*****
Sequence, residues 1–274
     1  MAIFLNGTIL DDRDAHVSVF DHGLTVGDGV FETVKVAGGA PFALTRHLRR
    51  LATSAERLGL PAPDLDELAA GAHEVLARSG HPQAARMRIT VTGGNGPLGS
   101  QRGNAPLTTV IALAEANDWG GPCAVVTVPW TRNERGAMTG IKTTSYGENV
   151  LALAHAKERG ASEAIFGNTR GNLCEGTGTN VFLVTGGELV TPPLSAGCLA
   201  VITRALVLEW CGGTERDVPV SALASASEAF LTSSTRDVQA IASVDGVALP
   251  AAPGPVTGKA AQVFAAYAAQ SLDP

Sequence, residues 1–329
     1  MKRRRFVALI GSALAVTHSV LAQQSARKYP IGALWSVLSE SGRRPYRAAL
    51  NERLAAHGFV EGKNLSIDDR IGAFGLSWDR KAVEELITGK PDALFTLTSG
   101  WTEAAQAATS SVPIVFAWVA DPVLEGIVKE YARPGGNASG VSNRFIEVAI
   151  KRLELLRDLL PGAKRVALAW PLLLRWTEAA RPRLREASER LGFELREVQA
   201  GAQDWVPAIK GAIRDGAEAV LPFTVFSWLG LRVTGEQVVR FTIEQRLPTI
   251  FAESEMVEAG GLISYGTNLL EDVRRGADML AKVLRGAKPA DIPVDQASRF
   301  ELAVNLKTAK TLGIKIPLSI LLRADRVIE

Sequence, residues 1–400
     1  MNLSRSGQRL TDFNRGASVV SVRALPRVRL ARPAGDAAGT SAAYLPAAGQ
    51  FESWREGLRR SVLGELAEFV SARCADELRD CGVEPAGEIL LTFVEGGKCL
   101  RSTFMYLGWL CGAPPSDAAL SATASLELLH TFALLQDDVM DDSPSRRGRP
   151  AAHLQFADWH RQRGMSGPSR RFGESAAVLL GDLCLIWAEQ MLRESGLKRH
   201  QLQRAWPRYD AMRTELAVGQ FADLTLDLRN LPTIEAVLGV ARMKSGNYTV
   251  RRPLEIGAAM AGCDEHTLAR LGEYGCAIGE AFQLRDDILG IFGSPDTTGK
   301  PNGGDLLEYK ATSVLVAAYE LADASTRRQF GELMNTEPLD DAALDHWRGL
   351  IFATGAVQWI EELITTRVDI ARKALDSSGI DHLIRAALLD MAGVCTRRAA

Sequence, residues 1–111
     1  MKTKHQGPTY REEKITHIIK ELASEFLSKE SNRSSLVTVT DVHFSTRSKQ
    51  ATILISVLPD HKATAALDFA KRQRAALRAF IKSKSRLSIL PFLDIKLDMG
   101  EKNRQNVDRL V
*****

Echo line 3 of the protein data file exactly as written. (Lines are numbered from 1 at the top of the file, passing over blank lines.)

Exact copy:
    51  LATSAERLGL PAPDLDELAA GAHEVLARSG HPQAARMRIT VTGGNGPLGS